“I love everything about oil painting: the solid feel of a quality tube of paint in hand; the glistening density of color as it oozes onto the palette; the incredible variety of ways paint moves on canvas; its textural quality reminiscent of earth and of soil; its willingness to merge, change, and deepen as it meets up with other colors; the resolute presence of a final, dried canvas. Oil painting allows me to explore and seek solutions through the “process” itself. I never begin with a concrete image, but start purely with an inner compulsion. The act of painting itself is the most worthy of goals.”
Pamela Staker On Exhibit at Organic Looms:
401 North Wells St. Chicago, IL 60654
“My work explores abstraction, skirting the line between beauty and raw expression. I experiment with intense hues, bold color combinations and gestural line work. This work is spontaneous and energetic – starting simply with color and shape the work expands intuitively to include a loose abstracted structure that maintains a clear and colorful composition.”
Sheila Ganch and Sally Ko On Exhibit at Montauk Sofa:
401 North Wells St. Chicago, IL 60654
“Sculpture is one of my many passions. I love experimenting with materials and usually find exactly what I’m looking for when working with clay. Its responsiveness makes anything seem possible and its texture make me feel more connected to the planet. I try to create ancient-looking pieces which come from a contemporary reality to define our timeless human connection to the Earth.”
“My focus is on the physical form and color of my paint — its various shades, forms, textures, and spatial relationships. I apply it and manipulate it to create effects that are both physical and emotional. My paintings are expressive and free, and simultaneously controlled and calculated. People have commented that the shapes and forms in my paintings look like cells dividing. In some cases, that is an accurate thematic characterization, but that perception is also a glimpse of the process leading to my finished work.”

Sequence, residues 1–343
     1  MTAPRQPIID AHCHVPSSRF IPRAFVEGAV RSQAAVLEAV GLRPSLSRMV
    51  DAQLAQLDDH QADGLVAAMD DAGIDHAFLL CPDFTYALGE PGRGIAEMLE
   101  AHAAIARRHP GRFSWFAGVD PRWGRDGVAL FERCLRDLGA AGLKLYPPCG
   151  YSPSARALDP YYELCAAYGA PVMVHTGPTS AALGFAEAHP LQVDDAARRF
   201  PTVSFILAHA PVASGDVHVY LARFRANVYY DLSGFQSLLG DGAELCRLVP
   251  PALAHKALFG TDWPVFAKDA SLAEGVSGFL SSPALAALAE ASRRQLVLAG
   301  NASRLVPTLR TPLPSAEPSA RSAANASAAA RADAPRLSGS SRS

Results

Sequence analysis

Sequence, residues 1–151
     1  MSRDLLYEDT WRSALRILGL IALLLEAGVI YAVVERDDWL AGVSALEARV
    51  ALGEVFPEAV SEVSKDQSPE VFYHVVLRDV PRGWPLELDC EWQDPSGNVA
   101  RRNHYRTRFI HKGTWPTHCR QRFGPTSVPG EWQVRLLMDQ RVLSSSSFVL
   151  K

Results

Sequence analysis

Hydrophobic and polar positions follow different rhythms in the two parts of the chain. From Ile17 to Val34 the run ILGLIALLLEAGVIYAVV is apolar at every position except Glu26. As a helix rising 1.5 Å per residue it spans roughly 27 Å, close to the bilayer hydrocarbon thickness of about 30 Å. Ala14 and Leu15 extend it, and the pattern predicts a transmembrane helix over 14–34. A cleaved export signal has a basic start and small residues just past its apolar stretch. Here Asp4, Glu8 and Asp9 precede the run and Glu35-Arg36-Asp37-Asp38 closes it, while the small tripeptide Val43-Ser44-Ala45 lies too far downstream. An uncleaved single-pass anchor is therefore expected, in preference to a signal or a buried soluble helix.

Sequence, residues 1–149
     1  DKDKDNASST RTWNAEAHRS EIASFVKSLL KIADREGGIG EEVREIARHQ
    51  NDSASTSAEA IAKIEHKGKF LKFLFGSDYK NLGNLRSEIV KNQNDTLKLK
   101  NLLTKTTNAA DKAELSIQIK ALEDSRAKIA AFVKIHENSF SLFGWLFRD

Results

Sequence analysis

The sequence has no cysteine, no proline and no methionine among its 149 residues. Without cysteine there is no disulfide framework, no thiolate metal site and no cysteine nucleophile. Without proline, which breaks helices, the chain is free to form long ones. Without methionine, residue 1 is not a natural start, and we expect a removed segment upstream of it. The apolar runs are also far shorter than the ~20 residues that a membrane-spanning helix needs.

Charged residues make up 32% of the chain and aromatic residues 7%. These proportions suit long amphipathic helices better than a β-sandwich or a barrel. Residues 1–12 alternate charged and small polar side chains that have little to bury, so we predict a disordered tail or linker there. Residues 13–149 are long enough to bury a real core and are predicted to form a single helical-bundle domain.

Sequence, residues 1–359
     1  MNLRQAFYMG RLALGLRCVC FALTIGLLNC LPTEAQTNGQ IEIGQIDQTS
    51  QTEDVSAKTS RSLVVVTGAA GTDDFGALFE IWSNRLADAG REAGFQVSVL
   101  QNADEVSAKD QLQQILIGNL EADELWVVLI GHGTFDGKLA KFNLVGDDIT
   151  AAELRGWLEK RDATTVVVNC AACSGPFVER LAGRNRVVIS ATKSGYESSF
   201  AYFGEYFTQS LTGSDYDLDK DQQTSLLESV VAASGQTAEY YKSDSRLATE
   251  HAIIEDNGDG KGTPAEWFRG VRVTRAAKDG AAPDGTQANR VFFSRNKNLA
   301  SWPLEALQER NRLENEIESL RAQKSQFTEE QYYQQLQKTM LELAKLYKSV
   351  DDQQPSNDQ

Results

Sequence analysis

Eric Gushee On Exhibit at TOTO:
500 North Wells Street Chicago, IL 60654
“I begin my process with a single repetitive action, such as drawing a series of lines or mass-producing a single material. For me, actions and materials are holy tools which need to be examined before use; through careful examination and use, the divinity of these tools can be known.”
Rubem Robierb and Rim Lee On Exhibit at Lightology:
215 W. Chicago Ave, Chicago, IL 60654
Brazillian born Rubem Robierb’s body of work carries an innate connection to the pop art movement referencing Warhol’s two-dimensionality, visual strength, and use of repetitive figures. Robierb utilizes a simple, almost naïve sense of figurativeness to convey powerful messages to the beholder. His use of nature and biological elements generate a strong visual representation of nature versus manmade metaphors.
Rim Lee is an important internationally collected South Korean artist. Her work finds primary source material within the realms of performance and photography while her oeuvre focuses on the intensity of human emotions. Lee’s works emphasize a visualization of the conceptual values of inherent human emotions, as a result of which the artist provides a portrayal of human sentiment within the context of art discourse.
Candace McGarry and Brenda Dawn Jones On Exhibit at iD:
375 W. Erie Suite 101, Chicago, IL 60654
“I have collected, I have erased thoughts all my life.
It’s how I place line on paper. It’s how I remove it.
I think of bone, line, of skeletal imagery. It may appear clear, well defined, or blurred beyond recognition.
I wash away the image, the past, the memory.
For these reasons, I would describe my work as angst x tension.”
Brenda Jones is a native Chicago artist. Not constrained by one particular medium, she voices her artistic vision through multiple creative outlets. Her artistic process is free form and organic, channeling her dream worlds in paintings, drawings, and lighted mixed media installations. Visceral in nature, her work is often a bizarre visual poetry inhabited by beautiful, ethereal heroines experiencing sensual epiphanies. Yet there is something menacing here, in these backroom parlors and surreal settings like a dark jungle inhabited by ominous cicada-like drones.